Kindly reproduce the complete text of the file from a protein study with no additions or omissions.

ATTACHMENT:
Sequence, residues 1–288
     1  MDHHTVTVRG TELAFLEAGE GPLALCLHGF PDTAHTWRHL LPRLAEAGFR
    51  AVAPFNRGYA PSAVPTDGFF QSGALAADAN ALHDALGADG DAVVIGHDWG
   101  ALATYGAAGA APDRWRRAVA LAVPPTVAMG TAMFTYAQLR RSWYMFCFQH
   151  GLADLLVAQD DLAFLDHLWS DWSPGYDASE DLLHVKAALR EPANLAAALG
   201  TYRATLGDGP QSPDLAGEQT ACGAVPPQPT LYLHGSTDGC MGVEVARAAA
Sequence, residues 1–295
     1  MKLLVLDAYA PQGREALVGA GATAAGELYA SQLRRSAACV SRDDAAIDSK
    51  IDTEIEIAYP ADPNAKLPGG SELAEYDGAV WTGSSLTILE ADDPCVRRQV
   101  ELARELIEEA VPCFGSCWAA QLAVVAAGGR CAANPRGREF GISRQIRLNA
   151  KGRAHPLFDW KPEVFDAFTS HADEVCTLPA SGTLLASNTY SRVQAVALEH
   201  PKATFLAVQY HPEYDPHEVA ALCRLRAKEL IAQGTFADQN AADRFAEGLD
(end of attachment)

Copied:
Sequence, residues 1–288
     1  MDHHTVTVRG TELAFLEAGE GPLALCLHGF PDTAHTWRHL LPRLAEAGFR
    51  AVAPFNRGYA PSAVPTDGFF QSGALAADAN ALHDALGADG DAVVIGHDWG
   101  ALATYGAAGA APDRWRRAVA LAVPPTVAMG TAMFTYAQLR RSWYMFCFQH
   151  GLADLLVAQD DLAFLDHLWS DWSPGYDASE DLLHVKAALR EPANLAAALG
   201  TYRATLGDGP QSPDLAGEQT ACGAVPPQPT LYLHGSTDGC MGVEVARAAA
Sequence, residues 1–295
     1  MKLLVLDAYA PQGREALVGA GATAAGELYA SQLRRSAACV SRDDAAIDSK
    51  IDTEIEIAYP ADPNAKLPGG SELAEYDGAV WTGSSLTILE ADDPCVRRQV
   101  ELARELIEEA VPCFGSCWAA QLAVVAAGGR CAANPRGREF GISRQIRLNA
   151  KGRAHPLFDW KPEVFDAFTS HADEVCTLPA SGTLLASNTY SRVQAVALEH
   201  PKATFLAVQY HPEYDPHEVA ALCRLRAKEL IAQGTFADQN AADRFAEGLD